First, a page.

Grand Teton National Park, WY-What would you do if you encountered a bear? Is that an experience you’d hope for, or an experience you’d never wish on your worst enemy?
Chicago Tribune’s Stephanie Baer seemed to be quite fascinated with the thought of seeing a live bear in person as she shared her experience of hiking through bear country at Grand Teton National Park.
“While walking to the Signal Mountain Summit trail head that afternoon, I thought to myself how cool it would be to see a bear in the wild,” said Baer.
Baer seemed a bit optimistic about the thought of seeing a bear, even though she wasn’t equipped with bear spray or any other form of protection.
She came to the realization of the dangers she may face in the presence of a bear after reading a sign she passed by on the hike:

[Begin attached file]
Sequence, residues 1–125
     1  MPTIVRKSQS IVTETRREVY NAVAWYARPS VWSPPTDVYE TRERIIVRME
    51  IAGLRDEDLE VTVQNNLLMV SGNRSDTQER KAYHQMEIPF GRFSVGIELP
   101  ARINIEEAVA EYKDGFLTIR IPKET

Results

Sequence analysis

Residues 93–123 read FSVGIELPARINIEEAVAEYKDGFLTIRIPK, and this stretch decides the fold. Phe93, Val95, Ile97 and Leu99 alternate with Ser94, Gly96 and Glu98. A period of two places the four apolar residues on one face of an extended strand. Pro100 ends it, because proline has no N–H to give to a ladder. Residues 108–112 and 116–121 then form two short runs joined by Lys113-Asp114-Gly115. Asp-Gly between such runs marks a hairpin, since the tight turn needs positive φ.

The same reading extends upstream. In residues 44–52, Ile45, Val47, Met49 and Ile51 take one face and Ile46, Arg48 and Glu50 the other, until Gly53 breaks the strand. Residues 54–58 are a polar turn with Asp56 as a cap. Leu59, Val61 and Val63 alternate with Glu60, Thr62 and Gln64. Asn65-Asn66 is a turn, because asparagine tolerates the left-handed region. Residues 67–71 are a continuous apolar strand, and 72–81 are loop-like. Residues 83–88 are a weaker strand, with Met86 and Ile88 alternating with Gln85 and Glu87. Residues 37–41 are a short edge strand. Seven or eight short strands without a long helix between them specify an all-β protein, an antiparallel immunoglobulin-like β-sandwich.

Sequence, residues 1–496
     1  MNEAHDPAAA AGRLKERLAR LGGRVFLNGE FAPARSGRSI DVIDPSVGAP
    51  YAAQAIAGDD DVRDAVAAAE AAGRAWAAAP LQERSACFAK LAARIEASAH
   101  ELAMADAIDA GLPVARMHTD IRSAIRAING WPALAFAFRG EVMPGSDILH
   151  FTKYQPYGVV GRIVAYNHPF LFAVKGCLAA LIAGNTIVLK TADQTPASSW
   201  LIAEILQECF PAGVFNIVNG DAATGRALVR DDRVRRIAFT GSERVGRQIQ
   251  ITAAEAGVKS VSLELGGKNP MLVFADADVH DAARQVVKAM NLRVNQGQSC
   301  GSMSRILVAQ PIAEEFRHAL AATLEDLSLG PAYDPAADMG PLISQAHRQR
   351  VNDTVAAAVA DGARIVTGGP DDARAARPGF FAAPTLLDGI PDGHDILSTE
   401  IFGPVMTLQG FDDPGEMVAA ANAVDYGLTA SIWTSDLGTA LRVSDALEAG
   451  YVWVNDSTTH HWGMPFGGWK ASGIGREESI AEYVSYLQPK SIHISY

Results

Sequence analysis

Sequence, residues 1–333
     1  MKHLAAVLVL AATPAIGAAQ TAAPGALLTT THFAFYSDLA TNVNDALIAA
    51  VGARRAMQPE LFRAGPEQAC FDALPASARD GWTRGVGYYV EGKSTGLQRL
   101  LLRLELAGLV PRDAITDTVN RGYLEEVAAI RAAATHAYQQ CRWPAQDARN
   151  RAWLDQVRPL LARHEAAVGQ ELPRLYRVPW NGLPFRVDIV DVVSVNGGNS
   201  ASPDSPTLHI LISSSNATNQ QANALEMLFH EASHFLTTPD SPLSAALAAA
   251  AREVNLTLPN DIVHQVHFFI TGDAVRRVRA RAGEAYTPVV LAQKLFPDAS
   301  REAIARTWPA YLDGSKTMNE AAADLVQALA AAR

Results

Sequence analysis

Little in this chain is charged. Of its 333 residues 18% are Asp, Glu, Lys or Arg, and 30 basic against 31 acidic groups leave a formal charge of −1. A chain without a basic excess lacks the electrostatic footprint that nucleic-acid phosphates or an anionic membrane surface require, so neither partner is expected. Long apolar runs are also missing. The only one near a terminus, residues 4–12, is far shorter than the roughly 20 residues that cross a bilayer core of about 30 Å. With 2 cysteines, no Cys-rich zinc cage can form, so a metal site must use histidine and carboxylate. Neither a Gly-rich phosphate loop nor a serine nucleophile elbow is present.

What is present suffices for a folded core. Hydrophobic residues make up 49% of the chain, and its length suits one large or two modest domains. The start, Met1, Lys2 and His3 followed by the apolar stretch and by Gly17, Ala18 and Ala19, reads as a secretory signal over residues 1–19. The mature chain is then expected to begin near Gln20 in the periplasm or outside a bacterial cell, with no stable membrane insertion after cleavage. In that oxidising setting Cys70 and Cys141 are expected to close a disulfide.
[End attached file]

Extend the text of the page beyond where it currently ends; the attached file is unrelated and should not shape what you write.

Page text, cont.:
"BEAR ATTACK: Are you prepared to avoid one?"
During a surprise encounter — slowly back away
If a bear charges — stand your ground and use your bear spray
If the bear attacks during a surprise encounter — play dead
If the bear persistently stalks you, then attacks — fight back
If a bear attacks you in your tent — fight back
There is no guarantee of your safety in bear country”
If you encountered a bear, would you rather play dead, fight back, or stand your ground and use your bear spray?
Baer no longer felt so optimistic about a bear encounter. She realized her options were limited and the only reasonable suggestion from the sign was to invest in a can of bear spray.
“In a panic, we rushed back down the trail and dropped 60 bucks on a canister of bear spray (had we thought ahead and bought the spray outside of the park it probably would have cost half that).”
At 35 feet, Frontiersman 9.2 oz canisters fire up to 20 feet further than other bear sprays. This is a huge advantage considering charging bears can cover 30 feet per second!
Frontiersman was field tested and repeatedly proven effective at deterring charging bears by both Elmendorf Air Force Base and Brown Bear Resources.